General Market News
- The rates market saw some volatility after the long weekend. The 10-year Treasury opened at 1.53 percent early Tuesday morning but quickly dropped to 1.46 percent. The 2-year Treasury opened at 1.49 percent, and the 30-year Treasury is back below 2 percent at 1.94 percent. The markets will be anticipating a rate decision from the Federal Reserve (Fed) again this month, as it meets on September 18.
- Global equities rallied last week as trade tensions waned slightly. The week began with President Trump claiming that China called the U.S. trade team and stated that it wanted to restart trade discussions. This call was not confirmed by Chinese officials but was followed by a comment from Chinese Vice Premier Liu that China is willing to resolve the trade dispute with calm negotiations. As of Thursday, the next round of in-person trade talks was set to take place this month, although no date has been set.
- The calming of the trade dispute saw a risk-on trade, as the sectors that have sold off (industrials, communication services, and financials) were among the top three performing sectors on the week. The worst performers were the bond proxies in consumer staples, REITs, and utilities.
- We kicked off the week with Monday’s release of the July durable goods orders report, which showed 2.1 percent growth in orders. This result was better than expectations for 1.2 percent growth; however, much of this outperformance was due to an increase in volatile aircraft orders. The core durable goods figure, which strips out transportation orders, declined by 0.4 percent, against expectations for no growth. Core durable goods orders are seen as a proxy for business confidence for the future of the economy. So, this decline in the core figure is disappointing but not entirely surprising, given the ongoing uncertainty from increasing trade tensions.
- On Tuesday, the Conference Board Consumer Confidence Index was released. The index declined slightly, from 135.7 in July to 135.1 in August, beating expectations for a larger decline to 129. This result was driven by increased optimism about the current economy, as the present situation portion of the index rose to highs last seen in 2000. Expectations for the future declined slightly but still remain high compared with the past few years.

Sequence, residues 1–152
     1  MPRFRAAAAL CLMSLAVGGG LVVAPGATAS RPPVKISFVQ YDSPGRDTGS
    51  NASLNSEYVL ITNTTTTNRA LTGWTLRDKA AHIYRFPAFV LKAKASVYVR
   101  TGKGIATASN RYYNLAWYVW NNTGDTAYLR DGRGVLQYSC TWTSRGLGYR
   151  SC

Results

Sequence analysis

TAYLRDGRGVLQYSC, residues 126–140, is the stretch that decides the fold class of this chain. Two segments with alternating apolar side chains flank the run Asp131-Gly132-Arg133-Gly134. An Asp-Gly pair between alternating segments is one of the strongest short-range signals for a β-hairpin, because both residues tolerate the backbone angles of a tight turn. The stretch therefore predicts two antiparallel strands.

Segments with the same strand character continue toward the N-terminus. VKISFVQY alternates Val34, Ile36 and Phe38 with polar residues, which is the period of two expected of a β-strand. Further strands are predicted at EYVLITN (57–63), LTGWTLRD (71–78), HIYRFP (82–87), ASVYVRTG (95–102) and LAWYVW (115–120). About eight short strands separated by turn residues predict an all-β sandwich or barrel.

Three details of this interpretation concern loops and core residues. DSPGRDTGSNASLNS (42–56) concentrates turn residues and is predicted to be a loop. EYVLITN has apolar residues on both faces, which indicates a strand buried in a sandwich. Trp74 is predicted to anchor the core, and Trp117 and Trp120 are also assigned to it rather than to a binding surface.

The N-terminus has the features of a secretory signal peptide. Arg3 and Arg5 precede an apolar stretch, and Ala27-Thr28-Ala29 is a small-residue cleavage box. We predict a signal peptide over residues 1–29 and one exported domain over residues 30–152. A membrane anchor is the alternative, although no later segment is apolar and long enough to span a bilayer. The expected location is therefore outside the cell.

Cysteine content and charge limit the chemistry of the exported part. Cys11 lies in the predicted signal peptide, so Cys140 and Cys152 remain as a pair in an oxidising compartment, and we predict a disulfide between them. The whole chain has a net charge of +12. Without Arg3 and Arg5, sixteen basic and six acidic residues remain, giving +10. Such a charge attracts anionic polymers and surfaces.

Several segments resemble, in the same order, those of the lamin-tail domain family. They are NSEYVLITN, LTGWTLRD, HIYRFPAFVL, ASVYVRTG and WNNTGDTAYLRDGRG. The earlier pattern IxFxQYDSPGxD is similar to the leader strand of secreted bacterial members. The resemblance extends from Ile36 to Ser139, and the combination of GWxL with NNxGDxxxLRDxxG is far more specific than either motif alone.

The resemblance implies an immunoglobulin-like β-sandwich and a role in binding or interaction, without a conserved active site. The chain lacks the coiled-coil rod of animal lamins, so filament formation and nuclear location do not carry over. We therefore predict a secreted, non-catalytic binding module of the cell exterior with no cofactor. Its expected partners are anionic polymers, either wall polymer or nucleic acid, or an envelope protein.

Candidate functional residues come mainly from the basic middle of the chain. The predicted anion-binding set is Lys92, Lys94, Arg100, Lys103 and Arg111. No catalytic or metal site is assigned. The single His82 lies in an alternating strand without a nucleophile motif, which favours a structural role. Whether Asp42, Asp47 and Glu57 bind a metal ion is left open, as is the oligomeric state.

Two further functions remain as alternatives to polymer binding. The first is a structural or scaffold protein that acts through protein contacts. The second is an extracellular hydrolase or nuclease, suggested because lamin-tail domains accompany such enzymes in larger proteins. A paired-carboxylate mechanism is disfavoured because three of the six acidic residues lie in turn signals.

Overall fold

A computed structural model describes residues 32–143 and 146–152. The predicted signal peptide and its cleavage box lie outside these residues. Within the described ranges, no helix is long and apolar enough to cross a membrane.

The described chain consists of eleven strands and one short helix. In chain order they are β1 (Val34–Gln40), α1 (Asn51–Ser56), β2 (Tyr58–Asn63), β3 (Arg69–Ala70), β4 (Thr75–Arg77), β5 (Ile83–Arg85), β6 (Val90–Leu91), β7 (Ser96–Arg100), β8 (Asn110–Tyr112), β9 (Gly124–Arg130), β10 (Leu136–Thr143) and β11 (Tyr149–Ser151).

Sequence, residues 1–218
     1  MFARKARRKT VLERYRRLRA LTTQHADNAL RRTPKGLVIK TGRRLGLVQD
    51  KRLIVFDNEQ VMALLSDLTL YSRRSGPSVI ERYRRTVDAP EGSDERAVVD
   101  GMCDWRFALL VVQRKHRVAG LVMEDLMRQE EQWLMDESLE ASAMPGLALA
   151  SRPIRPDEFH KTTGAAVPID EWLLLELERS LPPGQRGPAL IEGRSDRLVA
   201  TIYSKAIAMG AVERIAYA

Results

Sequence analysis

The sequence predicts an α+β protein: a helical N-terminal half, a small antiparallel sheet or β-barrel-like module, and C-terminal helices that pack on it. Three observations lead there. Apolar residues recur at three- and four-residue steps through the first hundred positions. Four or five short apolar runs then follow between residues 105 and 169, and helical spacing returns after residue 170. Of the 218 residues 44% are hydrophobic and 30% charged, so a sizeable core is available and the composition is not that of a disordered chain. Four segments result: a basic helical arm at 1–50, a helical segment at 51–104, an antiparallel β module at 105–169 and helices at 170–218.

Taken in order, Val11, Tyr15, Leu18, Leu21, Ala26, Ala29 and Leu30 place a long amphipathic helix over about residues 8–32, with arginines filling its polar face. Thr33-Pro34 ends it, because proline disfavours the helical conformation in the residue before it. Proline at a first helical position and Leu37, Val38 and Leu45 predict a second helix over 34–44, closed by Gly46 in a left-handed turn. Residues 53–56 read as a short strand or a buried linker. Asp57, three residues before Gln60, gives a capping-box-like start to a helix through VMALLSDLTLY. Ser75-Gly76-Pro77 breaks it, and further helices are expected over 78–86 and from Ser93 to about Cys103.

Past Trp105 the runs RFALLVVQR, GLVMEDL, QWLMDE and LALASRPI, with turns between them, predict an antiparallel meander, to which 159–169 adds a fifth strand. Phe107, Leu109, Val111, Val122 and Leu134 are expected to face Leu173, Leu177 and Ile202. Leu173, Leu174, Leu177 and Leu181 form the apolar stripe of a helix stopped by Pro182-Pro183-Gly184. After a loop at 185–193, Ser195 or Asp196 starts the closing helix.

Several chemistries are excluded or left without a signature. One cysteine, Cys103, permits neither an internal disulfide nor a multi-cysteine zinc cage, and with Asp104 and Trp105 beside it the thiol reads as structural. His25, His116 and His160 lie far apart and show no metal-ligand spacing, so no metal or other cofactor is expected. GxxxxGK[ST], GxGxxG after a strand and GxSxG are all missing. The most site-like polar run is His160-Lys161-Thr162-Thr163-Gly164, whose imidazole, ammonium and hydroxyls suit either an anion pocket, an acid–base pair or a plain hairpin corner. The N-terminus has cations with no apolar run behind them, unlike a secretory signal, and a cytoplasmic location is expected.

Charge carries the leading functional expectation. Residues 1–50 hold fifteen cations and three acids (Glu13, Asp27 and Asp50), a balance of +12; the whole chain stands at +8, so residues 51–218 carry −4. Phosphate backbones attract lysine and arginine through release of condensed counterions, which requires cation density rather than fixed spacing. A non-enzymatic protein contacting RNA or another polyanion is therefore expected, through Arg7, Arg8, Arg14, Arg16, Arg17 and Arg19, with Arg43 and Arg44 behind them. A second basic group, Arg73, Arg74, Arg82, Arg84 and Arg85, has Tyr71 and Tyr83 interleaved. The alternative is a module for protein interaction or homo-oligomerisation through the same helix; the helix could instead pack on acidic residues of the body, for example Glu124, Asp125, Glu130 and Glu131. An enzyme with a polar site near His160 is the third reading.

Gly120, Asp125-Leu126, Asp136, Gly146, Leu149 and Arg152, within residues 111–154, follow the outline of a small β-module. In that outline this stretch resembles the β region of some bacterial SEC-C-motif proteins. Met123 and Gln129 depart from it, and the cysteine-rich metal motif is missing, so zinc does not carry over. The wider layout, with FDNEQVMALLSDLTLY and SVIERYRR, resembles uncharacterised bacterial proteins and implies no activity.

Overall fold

- On Friday, July’s personal income and consumer spending reports showed that spending grew by 0.6 percent in July, against expectations for 0.5 percent growth. This result is in line with the strong retail sales we saw during the month. Income growth was disappointing, coming in at 0.1 percent versus the 0.3 percent growth that was expected. Both income and spending have shown consistent growth this year, so this miss in income is nothing to be concerned about for the time being.
- We finished the week with the second and final release of the University of Michigan consumer sentiment survey. This survey fell from 92.4 midmonth to 89.8 at month-end, even though economists had expected the index to increase slightly. The escalation of the China-U.S. trade war and continued market volatility likely played a part in the decline in confidence. Although both major consumer confidence surveys declined during the month, the good news is that consumers have shown impressive spending growth through most of the year. Hopefully, these declines in confidence will have little effect on August’s consumer spending data.
|MSCI Emerging Markets||1.16%||–0.06%||4.19%||–4.15%|
|Fixed Income Index||Month-to-Date||Year-to-Date||12-Month|
|U.S. Broad Market||2.59%||9.10%||10.17%|
Source: Morningstar Direct
What to Look Forward To
The week started with Tuesday’s release of the Institute for Supply Management (ISM) Manufacturing index.It showed an unexpected decline from 51.2 in July to 49.1 in August. This is a diffusion index, where values above 50 represent expansion and values below 50 represent contraction. August’s reading is the lowest reading for the index since January 2016, and it marks the first time the manufacturing sector has experienced a contraction since August 2016. It also marks the fifth straight month of decline for the index, as the slowdown in global trade and the uncertainty created by the ongoing U.S.-China trade war have negatively affected manufacturers.